The Sun of Umbria

1377381_1424379414447445_1415160406_n[1]Hobart Quaker Clive Sansom wrote a set of 65 poems with connecting prose on the subject of Francis of Assisi, published posthumously in 1981. Friend Brian Paine, former ABC radio producer, introduced him to the work of Clive Sansom. Ralph used eleven of these poems in the cantata. He worked on this during 2013.

It was part of the PhD exegesis, If Music and Sweet Poetry Agree published by the University of Tasmania and available online.

It is written for soprano, tenor and baritone soloists, choir, flute/piccolo/alto flute, oboe/cor anglais, string quintet (or string orchestra) with an elaborate percussion part. The first performance was on 9th November 2013 with Gary Wain as musical director. It lasts for 48 minutes.

In performance, it needs no particular kind of venue. Although the central figure is described as a saint, it is not intended as an ecclesiastical piece. Nor is it a personal statement. It tells a story and there is a dramatic element.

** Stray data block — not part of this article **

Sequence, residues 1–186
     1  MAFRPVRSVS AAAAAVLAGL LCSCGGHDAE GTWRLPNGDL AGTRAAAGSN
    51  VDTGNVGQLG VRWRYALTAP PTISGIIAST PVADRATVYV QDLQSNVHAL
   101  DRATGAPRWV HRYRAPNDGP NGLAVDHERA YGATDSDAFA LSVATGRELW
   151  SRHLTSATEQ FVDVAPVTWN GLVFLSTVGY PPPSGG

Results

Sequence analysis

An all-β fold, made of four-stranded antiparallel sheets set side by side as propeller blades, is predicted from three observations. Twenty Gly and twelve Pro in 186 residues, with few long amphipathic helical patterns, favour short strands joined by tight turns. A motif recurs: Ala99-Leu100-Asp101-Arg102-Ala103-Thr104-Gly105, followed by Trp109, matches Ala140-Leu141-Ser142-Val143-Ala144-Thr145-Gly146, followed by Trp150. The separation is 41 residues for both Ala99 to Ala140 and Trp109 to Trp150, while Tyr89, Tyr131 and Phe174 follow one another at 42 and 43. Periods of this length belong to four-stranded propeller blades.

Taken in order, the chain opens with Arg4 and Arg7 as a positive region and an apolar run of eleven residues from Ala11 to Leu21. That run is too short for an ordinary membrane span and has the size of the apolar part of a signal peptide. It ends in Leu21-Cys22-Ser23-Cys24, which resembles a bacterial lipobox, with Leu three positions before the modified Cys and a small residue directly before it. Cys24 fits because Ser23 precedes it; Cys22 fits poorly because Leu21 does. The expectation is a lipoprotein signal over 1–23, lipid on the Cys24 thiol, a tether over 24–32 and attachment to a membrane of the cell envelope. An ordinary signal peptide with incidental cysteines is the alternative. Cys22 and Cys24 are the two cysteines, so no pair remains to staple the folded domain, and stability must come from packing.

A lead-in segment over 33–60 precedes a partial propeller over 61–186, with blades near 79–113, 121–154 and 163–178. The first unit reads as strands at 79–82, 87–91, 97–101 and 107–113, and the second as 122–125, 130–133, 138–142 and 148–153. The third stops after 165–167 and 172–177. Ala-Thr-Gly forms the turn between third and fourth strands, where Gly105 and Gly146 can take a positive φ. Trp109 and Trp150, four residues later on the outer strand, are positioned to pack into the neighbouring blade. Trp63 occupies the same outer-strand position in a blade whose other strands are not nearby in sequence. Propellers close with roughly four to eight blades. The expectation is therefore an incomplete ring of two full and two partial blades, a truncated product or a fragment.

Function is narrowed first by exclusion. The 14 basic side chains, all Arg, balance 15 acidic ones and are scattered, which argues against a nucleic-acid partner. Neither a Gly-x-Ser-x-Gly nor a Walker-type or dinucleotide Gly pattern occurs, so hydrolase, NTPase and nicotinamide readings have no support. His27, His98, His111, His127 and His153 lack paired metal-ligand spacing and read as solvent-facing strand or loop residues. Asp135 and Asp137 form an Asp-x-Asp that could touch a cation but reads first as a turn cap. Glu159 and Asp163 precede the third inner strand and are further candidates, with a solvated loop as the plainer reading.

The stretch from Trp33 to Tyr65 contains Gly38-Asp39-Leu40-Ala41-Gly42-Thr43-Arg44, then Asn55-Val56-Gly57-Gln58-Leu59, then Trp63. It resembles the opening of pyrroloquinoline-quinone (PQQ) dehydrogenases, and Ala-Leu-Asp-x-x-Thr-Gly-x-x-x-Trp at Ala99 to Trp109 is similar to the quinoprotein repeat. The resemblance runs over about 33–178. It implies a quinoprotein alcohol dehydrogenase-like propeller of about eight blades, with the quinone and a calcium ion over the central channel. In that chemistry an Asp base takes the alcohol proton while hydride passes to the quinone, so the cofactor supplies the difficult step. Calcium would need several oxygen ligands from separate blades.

Umbria is a small, sparsely populated Italian region near Rome. Giovanni di Pietro di Bernadone, (1181–1226) was born and spent much of his life in Assisi, Umbria, a little city alive with bells and birds. His father Pietro nicknamed the boy Francesco (‘Frenchman’—his mother was a French aristocrat). St Clare (1194–1253, born Chiara Offreduccio) was a friend and follower of St Francis and, as Sister Clare, co-founder with him of what became the Order of St Clare. Francis died in Assisi, perhaps from a form of leprosy, as witness his blindness. He was much loved; Dante later described him as a ‘Second Sun’.